• Requiring the abuser to complete counseling
  • Granting the victim exclusive custody of any pets
  • Denying the abuser any visitation with children in the family
  • Granting the victim exclusive custody of their place of residence

Violating a protective order is a misdemeanor.  If the perpetrator goes on to commit another act of abuse, he or she is automatically charged with a more serious crime.

Employment and housing protections

It is illegal in New Hampshire to discriminate against a person in housing or employment because he or she is a victim of domestic violence.

Learn more about New Hampshire’s employment discrimination laws

Nonconsensual dissemination of sexual images

In 2016 Gov. Maggie Hassan signed SB 465, which made nonconsensual dissemination of private sexual images — sometimes called “revenge porn” — a felony.

Domestic Violence Grant Program

$43 of every $50 fee on marriage licenses goes to the Domestic Violence Grant Program, which provides grant funding to New Hampshire programs which assist victims of domestic violence, such as women’s shelters. 

Starting in January 2018, anyone convicted of stalking or sexual assault related to domestic violence must also pay a $50 fine towards the Domestic Violence Grant Program.

The state also receives federal funding for domestic violence programs.

Some advocates argue New Hampshire needs to provide more funding for domestic violence programs. 

Related Crimes

There are several other crimes in New Hampshire related to sexual assault and domestic violence:

Author:
Citizens Count Editor

“New Hampshire should do more to prevent sexual and domestic violence.”

  • According to the data from law enforcement collected by the U.S. Department of Justice, New Hampshire had a reported rape rate of 44.8 per 100,000 in 2014.  This is much higher than any other state in New England.  The national average was also lower, at 36.6 per 100,000.  The higher incidence of reported rape in New Hampshire indicates a need for more programs to prevent sexual assault.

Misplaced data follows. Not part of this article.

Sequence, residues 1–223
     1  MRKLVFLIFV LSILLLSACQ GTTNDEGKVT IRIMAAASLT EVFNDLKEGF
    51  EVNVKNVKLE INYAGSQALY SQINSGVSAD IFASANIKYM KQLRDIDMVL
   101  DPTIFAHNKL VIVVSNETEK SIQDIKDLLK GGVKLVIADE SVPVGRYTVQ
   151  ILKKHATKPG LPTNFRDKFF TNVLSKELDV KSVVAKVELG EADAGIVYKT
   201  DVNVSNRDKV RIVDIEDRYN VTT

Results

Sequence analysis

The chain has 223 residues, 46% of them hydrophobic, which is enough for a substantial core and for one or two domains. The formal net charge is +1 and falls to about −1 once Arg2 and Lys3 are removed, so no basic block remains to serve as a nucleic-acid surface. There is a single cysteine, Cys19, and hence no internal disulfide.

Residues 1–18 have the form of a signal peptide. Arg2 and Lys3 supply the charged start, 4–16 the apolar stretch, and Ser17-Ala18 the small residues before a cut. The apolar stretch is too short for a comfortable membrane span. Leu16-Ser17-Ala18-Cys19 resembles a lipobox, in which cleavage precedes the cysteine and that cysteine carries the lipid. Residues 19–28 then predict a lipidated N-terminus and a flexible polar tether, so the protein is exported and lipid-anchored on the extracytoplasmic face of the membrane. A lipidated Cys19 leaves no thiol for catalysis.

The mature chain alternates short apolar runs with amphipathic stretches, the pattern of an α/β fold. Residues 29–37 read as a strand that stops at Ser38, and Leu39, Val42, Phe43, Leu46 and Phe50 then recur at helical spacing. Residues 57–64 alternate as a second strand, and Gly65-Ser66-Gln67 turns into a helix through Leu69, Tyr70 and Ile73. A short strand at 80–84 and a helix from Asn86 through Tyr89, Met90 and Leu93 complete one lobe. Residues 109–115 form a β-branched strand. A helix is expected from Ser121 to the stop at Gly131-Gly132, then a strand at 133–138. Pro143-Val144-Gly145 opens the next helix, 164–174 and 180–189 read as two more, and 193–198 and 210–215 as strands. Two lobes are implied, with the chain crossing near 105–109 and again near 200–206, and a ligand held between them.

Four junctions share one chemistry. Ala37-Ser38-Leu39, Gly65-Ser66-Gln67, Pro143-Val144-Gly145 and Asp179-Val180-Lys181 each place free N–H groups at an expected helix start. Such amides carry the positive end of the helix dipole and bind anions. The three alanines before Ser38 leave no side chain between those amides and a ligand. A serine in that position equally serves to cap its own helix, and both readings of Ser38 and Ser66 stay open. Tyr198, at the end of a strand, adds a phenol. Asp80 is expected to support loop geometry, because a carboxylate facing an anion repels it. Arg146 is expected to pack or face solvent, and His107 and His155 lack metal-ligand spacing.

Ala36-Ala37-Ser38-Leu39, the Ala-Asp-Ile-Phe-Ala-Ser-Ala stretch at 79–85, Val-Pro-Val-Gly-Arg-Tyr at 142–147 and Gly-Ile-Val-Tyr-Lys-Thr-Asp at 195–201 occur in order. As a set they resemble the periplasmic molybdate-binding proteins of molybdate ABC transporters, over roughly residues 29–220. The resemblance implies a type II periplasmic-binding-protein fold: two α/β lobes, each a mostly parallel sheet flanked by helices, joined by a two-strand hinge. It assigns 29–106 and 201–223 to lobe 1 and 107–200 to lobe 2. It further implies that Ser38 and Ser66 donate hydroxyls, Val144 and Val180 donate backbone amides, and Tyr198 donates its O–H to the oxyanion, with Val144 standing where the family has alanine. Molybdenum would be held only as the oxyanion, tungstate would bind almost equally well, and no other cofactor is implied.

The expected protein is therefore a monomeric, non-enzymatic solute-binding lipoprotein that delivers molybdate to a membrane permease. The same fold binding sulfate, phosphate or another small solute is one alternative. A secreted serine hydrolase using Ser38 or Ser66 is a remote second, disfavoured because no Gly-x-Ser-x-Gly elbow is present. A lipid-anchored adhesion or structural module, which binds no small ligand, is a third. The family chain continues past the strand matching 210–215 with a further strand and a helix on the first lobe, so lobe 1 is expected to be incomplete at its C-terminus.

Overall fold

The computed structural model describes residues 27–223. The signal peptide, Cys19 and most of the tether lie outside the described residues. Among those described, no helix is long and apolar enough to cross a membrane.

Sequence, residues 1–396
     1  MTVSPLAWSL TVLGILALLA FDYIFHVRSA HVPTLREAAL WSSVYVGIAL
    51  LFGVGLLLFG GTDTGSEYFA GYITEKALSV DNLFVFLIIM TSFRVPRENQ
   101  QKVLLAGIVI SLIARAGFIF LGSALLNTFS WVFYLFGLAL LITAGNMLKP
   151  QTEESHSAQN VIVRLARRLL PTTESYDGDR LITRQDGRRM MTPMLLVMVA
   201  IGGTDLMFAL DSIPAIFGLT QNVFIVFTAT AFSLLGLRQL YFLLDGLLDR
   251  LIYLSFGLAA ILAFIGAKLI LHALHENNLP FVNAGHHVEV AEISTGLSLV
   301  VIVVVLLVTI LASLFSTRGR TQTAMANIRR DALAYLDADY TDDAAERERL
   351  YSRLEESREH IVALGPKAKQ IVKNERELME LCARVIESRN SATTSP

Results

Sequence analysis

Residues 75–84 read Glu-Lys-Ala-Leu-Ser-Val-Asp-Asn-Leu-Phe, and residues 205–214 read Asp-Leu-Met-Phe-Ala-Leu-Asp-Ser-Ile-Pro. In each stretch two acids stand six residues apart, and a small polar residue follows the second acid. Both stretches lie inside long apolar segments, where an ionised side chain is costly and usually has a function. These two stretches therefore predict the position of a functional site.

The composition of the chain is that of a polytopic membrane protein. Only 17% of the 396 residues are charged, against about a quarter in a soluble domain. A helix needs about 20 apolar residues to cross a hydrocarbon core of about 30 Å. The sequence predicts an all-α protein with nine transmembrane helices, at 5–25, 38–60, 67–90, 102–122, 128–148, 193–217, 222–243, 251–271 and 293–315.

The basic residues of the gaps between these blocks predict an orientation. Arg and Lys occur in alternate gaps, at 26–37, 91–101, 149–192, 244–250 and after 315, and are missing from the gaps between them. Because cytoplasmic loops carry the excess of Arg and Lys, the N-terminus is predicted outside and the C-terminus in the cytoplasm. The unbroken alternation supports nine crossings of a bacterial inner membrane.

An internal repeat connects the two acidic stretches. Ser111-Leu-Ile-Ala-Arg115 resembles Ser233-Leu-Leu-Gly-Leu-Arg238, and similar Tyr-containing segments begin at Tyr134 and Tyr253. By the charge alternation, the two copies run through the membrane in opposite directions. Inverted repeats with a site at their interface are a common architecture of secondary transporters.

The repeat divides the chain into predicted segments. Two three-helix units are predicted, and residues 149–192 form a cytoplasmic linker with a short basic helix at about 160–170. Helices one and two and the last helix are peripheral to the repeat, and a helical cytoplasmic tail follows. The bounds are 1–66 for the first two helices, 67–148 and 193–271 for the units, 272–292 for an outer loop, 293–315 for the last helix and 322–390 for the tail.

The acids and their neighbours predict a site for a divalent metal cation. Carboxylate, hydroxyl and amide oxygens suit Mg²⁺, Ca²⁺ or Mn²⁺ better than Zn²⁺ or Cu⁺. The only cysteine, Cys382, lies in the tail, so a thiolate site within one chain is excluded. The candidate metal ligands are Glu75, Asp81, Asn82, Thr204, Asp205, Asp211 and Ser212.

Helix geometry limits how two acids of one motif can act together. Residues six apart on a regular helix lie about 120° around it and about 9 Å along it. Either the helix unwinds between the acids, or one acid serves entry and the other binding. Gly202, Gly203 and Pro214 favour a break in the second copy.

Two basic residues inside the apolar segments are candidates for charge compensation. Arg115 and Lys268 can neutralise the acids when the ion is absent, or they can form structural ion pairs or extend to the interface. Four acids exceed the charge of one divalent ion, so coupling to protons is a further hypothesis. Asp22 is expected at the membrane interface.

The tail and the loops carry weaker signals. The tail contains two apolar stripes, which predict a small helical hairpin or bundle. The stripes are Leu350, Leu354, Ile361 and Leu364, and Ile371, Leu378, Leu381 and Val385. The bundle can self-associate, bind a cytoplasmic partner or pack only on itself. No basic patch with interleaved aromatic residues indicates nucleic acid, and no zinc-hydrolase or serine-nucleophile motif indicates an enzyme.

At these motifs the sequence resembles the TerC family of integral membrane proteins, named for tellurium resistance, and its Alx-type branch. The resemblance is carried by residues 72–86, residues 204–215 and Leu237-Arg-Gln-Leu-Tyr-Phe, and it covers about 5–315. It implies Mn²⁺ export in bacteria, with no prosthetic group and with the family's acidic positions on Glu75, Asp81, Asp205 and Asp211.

• According to the New Hampshire Coalition Against Domestic and Sexual Violence, “Crisis centers were forced to turn away 3,724 adults and 1,204 children from emergency shelter" because of a lack of funding in the 2016-2017 budget cycle. This demonstrates the need for state funding for domestic violence shelters and programs to prevent domestic violence.  
  • According to a 2012 report from the Governor’s Commission on Domestic and Sexual Violence, domestic violence is a causal factor in 9 out of 10 homicides in New Hampshire. In order to protect citizens from murder, New Hampshire needs to aggressively address domestic violence. 
Author:
Citizens Count Editor

“New Hampshire is doing enough to prevent sexual and domestic violence.”

  • While the U.S. Department of Justice shows a relatively high rate of reported rape in New Hampshire compared to other states, this may reflect that women in New Hampshire are more likely to report rape and law enforcement is more likely to take those reports seriously.  This theory is supported by some surveys that ask residents anonymously about sexual assaults.  For example, the High School Youth Risk Behavior Survey, conducted by the Centers for Disease Control, found that in 2015 that 6.3% of high schoolers in New Hampshire reported that they were physically forced to have sexual intercourse.  The national average was higher, at 6.7%. 
  • According to the National Intimate Partner and Sexual Violence Survey, conducted by the Centers for Disease Control and Prevention, the percentage of women who report that they experience violence or stalking from an intimate partner is lower in New Hampshire than the rest of the United States.  From 2010-2012, 34.7% of women surveyed in New Hampshire reported violence or stalking by an intimate partner, compared to 37.3% of women nationally.  These statistics suggest that New Hampshire is handling domestic violence better than other states. 
  • In the most recent budget cycle (for the 2018 and 2019 fiscal years), the New Hampshire Legislature actually increased annual funding for domestic violence programs by over half a million.  New Hampshire should see the results of this funding before committing more dollars.